Ron Telles, left, received a one-year contract as the new CEO of WhidbeyHealth at a Monday board meeting. (Photo by Patricia Guthrie/Whidbey News Group)

Ron Telles, left, received a one-year contract as the new CEO of WhidbeyHealth at a Monday board meeting. (Photo by Patricia Guthrie/Whidbey News Group)

As new CEO, Ron Telles vows to regain public trust in WhidbeyHealth

Board awards one-year contract, $330,000 annual salary with no bonuses

Ron Telles didn’t waste any time assuming his new role as CEO of WhidbeyHealth at a Monday board meeting of the Whidbey Island Public Health District.

Minutes after signing a one-year contract, Telles vowed to restore confidence with employees and the public and to get WhidbeyHealth more involved in the community. He also outlined a 10-point plan of action to help heal the battered bottom line and talked about working toward national accreditation of the hospital.

But first, he said, WhidbeyHealth needs to be its own patient.

“Part of rehab is accepting you have a problem,” he said. “We have to accept the fact that some people don’t like us. We have to understand why. We need to know what the community is thinking.”

Telles served as chief financial officer under Geri Forbes, who resigned as CEO but remains as a consultant until July 1. Telles was named interim CEO last month until the board could meet in executive session to hammer out his contract and approve it in a public meeting.

Telles will continue to receive his current salary — $270,499 — until July 1; his pay then increases to $330,000 as the chief executive officer.

Bonuses aren’t included in the contract.

“Both parties have agreed there will not be incentive compensation under this agreement,” Jake Kempton, the health system’s lawyer, said at the meeting.

Commissioners unanimously approved the contract.

The contract is effective until May 12, 2020. Telles’ performance is to be evaluated in March by the board to determine whether the contract will be extended. If not, Telles can retain his former position as chief financial officer.

The contract authorizes up to $750 a month to reimburse Telles for expenses related to recruitment, team building and/or community outreach activities. Budgets and the bottom line will remain the purview of Telles as he combines his chief financial expertise with his new chief executive duties.

Giving his monthly budget review, Telles said the system has lost $500,000 this year so far, resulting in low cash reserves.

“This is scary,” he said, “to have cash on hand drop this low — to 13 days.”

“We have been losing money for the last year and a half,” he said in an interview. “This is a serious issue that affects all aspects of our health system.”

Board chairman Ron Wallin said there’s still a chance the board could begin a nationwide search for a CEO.

“This gives us time to see how things are going,” Wallin said. “It takes a good six months to put together a search. The CEO pools are getting very small.”

Wallin said “the things that are put in the paper” and social media make the search difficult because negative comments are read online nationwide.

“It really ties your hands,” he said.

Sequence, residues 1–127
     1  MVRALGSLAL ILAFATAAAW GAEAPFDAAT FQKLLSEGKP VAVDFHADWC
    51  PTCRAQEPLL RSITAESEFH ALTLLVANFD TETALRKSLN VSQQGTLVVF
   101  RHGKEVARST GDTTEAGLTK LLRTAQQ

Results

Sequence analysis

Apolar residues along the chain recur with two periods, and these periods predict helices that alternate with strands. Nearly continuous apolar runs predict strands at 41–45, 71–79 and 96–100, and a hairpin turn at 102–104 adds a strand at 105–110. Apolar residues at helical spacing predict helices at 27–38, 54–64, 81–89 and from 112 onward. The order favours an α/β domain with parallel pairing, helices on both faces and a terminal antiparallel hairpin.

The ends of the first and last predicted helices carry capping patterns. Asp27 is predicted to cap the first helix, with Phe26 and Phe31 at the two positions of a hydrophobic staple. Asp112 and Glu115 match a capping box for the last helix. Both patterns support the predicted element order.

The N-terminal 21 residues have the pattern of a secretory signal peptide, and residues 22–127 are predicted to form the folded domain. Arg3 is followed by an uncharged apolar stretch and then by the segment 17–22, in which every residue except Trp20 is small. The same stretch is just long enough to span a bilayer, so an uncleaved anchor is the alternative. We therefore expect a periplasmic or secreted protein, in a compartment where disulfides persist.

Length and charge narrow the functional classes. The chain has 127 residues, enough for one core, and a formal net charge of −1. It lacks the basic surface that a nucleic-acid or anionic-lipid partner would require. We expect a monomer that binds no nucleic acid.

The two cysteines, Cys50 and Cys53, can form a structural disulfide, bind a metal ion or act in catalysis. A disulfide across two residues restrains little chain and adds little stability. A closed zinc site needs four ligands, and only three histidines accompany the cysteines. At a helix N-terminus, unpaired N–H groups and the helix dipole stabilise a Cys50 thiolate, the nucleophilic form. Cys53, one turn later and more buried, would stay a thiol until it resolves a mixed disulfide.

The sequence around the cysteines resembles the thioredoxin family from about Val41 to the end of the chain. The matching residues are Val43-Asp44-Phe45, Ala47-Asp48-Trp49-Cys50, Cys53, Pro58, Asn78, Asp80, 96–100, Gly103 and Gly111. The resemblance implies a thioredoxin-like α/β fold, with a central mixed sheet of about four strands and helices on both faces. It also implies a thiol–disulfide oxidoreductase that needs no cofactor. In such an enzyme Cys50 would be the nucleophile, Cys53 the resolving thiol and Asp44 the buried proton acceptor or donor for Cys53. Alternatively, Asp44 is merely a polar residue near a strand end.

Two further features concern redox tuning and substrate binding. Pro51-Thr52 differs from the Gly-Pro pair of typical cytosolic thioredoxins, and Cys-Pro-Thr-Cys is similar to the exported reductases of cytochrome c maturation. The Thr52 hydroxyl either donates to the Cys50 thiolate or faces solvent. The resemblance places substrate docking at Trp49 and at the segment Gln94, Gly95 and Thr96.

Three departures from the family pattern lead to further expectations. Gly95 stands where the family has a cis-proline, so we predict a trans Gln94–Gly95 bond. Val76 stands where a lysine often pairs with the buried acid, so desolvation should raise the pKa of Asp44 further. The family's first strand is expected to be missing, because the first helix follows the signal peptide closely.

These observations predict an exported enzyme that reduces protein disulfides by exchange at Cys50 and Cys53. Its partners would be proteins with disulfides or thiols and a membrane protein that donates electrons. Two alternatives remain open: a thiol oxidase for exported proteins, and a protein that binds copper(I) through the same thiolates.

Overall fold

However, he expressed optimism with “the new era.”

“I feel like we’re getting a good start over,” Wallin said. “It’s a new time for the board and the hospital.”

An outside firm has been hired to conduct a community survey to help understand where the system can improve, Telles said. It may help clarify some trends resulting in lost revenue, such as the steady decline in the number of scheduled surgeries.

“Surgeries are a major financial engine for any health system,” Telles said. “WhidbeyHealth has some of the finest surgeons, both general surgeons and orthopedic surgeons, and we want our community to utilize them.”

Both Telles and Wallin emphasized that a long-range strategic plan is needed in order to better adapt to changes in health care. Like hospitals around the nation, WhidbeyHealth Medical Center is experiencing a shift in how care is given, Telles explained.

“Health care is primarily practiced in an outpatient setting. Hospital systems have been slow to react to this change and WhidbeyHealth is no different,” he said. “That is why we will focus on our outpatient service lines to be able to change with our delivery system.”

One change involves implementing a practice called “swing beds.” These are inpatient beds that are made available for post-surgical patients not well enough to go home who are transferring from other hospitals. One example would be a Whidbey resident undergoing hip surgery in an Everett hospital who wants to recover closer to home, Telles said.

“People heal better when they’re with family,” he said. “Then, they’ll also realize how wonderful our hospital is.”

About $2,500 is charged per day for a patient recovering from surgery, Telles said.

Setting aside seven of the hospital’s 39 single patient rooms as “swing beds” could add up to annual revenue of $700,000, he estimated.

“By improving our revenue and cash flow and controlling our operating expenses, we can expect to meet our budget goals by the end of our fiscal year,” Telles said.

Employees will also be asked to participate in an anonymous survey about how they view WhidbeyHealth.

“We need honest answers,” Telles said. “How do our employees feel about us? Will they come here for services?”

In his new role as the top boss, Telles has also met with staff for informal chats, and he’s shadowed them on their jobs.

“What I heard over and over again is we do a bad job of telling our story,” he said. “So you’re going to start seeing us at parades. We need to be part of our community. That’s huge. We’ve been missing that.”

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